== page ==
A year ago, PlayStation Now wasn’t an obvious choice for renting games. Sony announced the service at CES 2014, angling it as a way to let users temporarily play games meant for the PS3 on their PS4. If you only had a PS4, you could rent The Last of Us for the PS3 digitally. The game – trophies, upgrades and all – are unlocked for the entire rental period. It was a smart move for Sony, and definitely an obvious way of introducing backwards compatibility, which the Xbox One lacks. At CES 2015, Sony made PlayStation Now a more obvious choice with a new subscription model.
Here are 5 things you need to know about the new PlayStation Now subscriptions coming to Sony’s game streaming service soon.
Buy PlayStation Now in Bulk for Better Pricing
Sony’s on-demand pricing for PlayStation Now was a bit of a problem for some users. For sure, it was cheaper to rent a game on PlayStation Now than it was to purchase a brand new copy from a store. Where the problem came in was individual pricing. Today, some games cost to rent per hour; these are your single rental games. Some games allow PlayStation users to rent games on a monthly subscription basis. Today’s announcement moves a large part of the service to something akin to that subscription rental model.
For $20 a month users get access to around 100 different titles for the PS3. Purchasing in bulk gets users a cheaper monthly rate. For example, three months of PlayStation Now costs $44.99. That three month bulk pricing means users can get PlayStation Now for as little as $15 a month.
PlayStation Now Subscriptions Won’t Be Available for Everyone at Launch
As typical with Sony, PlayStation Now is rolling out in waves. The first wave includes only a subset of users. When PlayStation Now subscriptions arrive on January 15th only owners of the PS4 will be able to take advantage of the service. The initial reach will be more narrow than that. Today Sony also confirmed that only PS4 owners in North America will have PlayStation Now subscriptions on launch day.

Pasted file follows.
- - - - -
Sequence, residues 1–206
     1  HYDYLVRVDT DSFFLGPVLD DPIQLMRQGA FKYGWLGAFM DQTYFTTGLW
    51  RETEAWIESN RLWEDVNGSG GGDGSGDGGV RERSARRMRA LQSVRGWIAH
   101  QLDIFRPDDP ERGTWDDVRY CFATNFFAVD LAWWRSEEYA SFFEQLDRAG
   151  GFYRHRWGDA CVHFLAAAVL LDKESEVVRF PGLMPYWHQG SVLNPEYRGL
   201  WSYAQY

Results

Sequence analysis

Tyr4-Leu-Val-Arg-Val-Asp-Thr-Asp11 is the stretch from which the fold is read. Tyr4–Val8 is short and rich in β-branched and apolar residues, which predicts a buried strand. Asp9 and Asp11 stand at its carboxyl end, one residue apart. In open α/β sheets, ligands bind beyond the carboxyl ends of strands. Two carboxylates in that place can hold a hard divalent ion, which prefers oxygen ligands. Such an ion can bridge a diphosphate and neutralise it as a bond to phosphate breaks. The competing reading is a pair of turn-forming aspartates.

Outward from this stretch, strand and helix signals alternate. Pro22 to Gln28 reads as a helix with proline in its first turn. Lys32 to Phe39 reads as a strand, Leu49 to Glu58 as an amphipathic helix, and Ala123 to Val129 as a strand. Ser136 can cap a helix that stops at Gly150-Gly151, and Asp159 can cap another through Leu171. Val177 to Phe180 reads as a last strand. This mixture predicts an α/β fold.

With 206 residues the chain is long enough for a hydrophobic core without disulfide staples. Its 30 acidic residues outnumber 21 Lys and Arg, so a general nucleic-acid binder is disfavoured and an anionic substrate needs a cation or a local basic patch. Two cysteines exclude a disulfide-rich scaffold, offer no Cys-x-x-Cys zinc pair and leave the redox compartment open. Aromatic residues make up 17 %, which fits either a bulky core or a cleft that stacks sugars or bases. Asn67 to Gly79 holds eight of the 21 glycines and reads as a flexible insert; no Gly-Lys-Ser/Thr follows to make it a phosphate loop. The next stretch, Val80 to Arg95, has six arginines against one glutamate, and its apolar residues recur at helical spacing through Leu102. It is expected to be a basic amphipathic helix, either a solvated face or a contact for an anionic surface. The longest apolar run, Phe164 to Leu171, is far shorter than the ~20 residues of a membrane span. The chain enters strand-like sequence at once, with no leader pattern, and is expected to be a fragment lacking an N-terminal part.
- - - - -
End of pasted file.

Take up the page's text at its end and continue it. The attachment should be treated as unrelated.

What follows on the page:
The company isn’t talking at all about when PlayStation Now subscriptions will roll out to other devices. Today, PlayStation Now is available on the PS4, PS3, PS Vita and PlayStation TV. Sony has already said it plans to make it available on televisions, smartphones and tablets too.
Not All PlayStation Games Are Available on PlayStation Now
PlayStation Now subscriptions don’t include every game. Sony says it has deals with Warner Brothers, SEGA and others to provide games for the service. That being said, there are tons of good games compatible with the service. Available titles include Lego Batman 2, Infamous, Dirt 3, Batman: Arkham City, Dark Siders 2, the Walking Dead, NBA 2K14, The Last of Us, Dark Siders 3, Kill Zone 3 and The Walking Dead. There others too, which you can see in the image below.
There’s a PlayStation Now Free Trial Coming
PlayStation Now is a relatively new service. It’s pricing model and some of the requirements means that there are a lot of people with compatible consoles that haven’t yet tried it. Sony is hoping to remedy that with a big new feature.
When Sony rolls out PlayStation Now subscriptions for the PS4 it’ll also introduce a new free trial. PS4, PS3, PS Vita and PlayStation TV users will be able to try PlayStation Now completely free for one week. Like other parts of the PlayStation Now service, progress made during a PlayStation Now free trial should transfer over to permanent copies of the game and the PlayStation Now service.
The Same PlayStation Now Warnings from Last Year Still Apply
Those are the important things. That being said, there are other details that apply to PlayStation Now as a whole. For starters, don’t even bother considering PlayStation Now as a replacement for a service like GameFly unless you’re absolutely sure you have a decent internet connection. PlayStation Now is a cloud gaming service. You’re really playing games on Sony’s servers. Those services take input from your controller over the internet and then send you back a video feed. If you have a slow internet connection games rented through PlayStation Now will lag and ruin the experience.
Second, PlayStation Now is always communicating with a Sony server. For those with internet services from Comcast, Verizon or the like, that constant communication isn’t a big problem. However, there are services where this can get you into trouble. If you’re using tethering to download games and add-ons you’ll want to stay away from PlayStation Now. If the service you signed up for with your provider has a really low data cap you’ll want to stay away from PlayStation Now too.
Good luck with your PlayStation Now subscription if you’re planning on taking the plunge or at least trying the free trial on release. There really isn’t anything like it.
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